The writing is on the wall for many Japanese agencies. So says an article in July’s Nikkei BP, Japan’s leading business magazine: “Japanese advertising agencies now stand at the crossroads, either they must attempt to survive under the umbrella of a giant foreign-owned company or hasten to restructure themselves.”
This downgrading of the entire industry was prompted by Omnicom’s merger of Japan’s eighth ranked agency I&S with BBDO at the start of July. Though Omnicom currently owns only 20 per cent of I&S, it has the right to increase this to a majority.
This first takeover of a major Japanese agency was welcomed by its clients, to the consternation of the agencies. The move puts Omnicom third, behind Interpublic Group and WPP Group, among Western agencies operating in Japan.
Most Japanese agencies do little more than act as commission sales people for media owners and have failed to perceive that, after seven years of economic gloom, advertisers’ needs are changing. Nobuo Momose, executive vice-president at Dentsu, one of the handful of Japanese agencies which have kept up with the times, says: “Advertising has to be part of a highly integrated marketing plan. Advertisers need agencies which can develop such plans, but it is difficult for many small to medium- sized agencies in Japan to meet such needs.”
Many agency owners are looking to sell, or at least attract a foreign equity partner. Sam Yoshida, a director of Recof, a Tokyo mergers and acquisitions company comments: “The environment has changed for Japan’s ad agencies. There are a number looking for fresh capital and management know-how, mainly among those ranked from 11 to 30.”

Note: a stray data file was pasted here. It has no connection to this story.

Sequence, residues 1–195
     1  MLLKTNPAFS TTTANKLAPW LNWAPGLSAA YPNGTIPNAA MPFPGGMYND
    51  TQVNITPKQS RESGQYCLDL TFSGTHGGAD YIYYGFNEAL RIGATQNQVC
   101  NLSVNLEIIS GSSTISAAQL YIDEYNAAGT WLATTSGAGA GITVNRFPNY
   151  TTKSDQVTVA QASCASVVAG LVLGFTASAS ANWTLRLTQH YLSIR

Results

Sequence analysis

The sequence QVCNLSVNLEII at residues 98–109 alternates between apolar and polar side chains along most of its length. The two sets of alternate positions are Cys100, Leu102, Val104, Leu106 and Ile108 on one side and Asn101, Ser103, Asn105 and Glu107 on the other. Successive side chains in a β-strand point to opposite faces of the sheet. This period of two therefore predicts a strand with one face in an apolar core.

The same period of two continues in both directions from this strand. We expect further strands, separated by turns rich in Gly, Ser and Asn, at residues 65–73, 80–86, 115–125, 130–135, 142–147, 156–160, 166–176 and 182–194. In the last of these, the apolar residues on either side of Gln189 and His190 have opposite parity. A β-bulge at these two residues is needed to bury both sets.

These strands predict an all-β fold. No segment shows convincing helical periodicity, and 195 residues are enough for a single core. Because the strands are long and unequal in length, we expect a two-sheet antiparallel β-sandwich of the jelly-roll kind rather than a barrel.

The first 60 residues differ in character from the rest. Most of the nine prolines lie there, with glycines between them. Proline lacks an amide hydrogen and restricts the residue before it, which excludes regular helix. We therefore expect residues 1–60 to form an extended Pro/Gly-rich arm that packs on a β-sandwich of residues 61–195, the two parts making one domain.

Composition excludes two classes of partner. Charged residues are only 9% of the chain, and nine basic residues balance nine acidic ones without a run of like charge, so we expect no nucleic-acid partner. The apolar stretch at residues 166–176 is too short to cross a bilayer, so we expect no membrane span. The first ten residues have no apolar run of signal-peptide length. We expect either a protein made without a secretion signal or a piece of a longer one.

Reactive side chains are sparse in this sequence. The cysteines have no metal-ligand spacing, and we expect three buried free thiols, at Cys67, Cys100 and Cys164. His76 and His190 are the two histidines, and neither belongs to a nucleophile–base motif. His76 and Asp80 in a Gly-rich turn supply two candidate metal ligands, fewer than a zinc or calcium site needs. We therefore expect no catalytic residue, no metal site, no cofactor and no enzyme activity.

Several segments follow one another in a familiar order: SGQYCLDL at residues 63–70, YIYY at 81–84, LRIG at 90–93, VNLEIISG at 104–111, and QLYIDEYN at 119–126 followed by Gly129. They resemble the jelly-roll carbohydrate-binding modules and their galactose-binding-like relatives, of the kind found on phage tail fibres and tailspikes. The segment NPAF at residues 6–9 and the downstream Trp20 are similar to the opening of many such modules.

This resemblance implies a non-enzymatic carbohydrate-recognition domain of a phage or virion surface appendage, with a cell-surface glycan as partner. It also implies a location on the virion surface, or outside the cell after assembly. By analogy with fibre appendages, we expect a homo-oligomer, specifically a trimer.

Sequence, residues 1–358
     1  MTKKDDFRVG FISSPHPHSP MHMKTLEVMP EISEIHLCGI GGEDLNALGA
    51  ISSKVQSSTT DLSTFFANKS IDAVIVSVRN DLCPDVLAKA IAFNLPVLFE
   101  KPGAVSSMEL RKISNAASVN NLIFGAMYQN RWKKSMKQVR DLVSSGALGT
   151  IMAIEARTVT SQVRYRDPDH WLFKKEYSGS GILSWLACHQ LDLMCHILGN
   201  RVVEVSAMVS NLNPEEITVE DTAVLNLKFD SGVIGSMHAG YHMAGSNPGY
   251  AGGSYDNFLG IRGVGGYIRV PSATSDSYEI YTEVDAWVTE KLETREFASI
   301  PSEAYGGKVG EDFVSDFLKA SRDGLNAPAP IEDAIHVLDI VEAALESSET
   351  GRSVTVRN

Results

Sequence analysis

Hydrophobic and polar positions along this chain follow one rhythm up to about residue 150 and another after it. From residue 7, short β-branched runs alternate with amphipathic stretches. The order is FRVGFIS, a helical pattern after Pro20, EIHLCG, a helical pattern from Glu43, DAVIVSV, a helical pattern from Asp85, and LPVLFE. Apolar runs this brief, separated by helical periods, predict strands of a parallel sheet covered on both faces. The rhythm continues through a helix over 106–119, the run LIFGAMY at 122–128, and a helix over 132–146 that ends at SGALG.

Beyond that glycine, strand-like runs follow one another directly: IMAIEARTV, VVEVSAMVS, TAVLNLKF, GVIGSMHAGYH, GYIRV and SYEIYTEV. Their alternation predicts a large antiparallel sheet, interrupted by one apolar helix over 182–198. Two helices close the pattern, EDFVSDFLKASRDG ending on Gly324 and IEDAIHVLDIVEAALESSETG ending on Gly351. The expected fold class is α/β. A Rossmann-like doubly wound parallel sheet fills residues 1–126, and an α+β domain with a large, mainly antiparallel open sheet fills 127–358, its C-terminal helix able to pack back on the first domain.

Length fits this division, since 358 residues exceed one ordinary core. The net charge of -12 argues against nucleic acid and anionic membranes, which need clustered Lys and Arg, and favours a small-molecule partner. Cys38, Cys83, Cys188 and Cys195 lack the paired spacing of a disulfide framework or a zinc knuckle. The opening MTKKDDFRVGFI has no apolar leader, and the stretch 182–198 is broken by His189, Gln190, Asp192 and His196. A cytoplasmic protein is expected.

Japanese advertisers are encouraging the trend. TBWA, which currently works with a subsidiary of Hakuhodo for Apple Japan, is trying to enter Japan through acquisition and is reportedly in talks with two other Nissan agencies, Standard Advertising and Nippo Ad. Nissan is also a TBWA client in Europe, where a Hakuhodo/TBWA joint venture, TBWA-NETH, handles Nissan’s corporate advertising.
But buyers still need patience to handle the unrealistic expectations of some Japanese agency owners. One Western negotiator recounts: “After we had valued the business, they asked us for a premium because Japanese agencies aren’t often for sale. They then demanded more for goodwill and media relations. And they topped the whole thing by asking for 70 per cent of their estimate of what it might cost us to build an agency from scratch to their size.”
Agency joint ventures or acquisitions were once seen as the only route into Japan’s advertising industry, but times have changed. With the top three – Dentsu, Hakuhodo, and Asatsu – as the main exceptions, nearly all Japanese agencies are past their sell-by dates. And as they fade from the scene, new opportunities to build agencies organically will emerge.
Business is so bad for many Jap-anese marketing companies, that many feel they have nothing to lose by taking the once unthinkable step of working with a Western agency in Japan.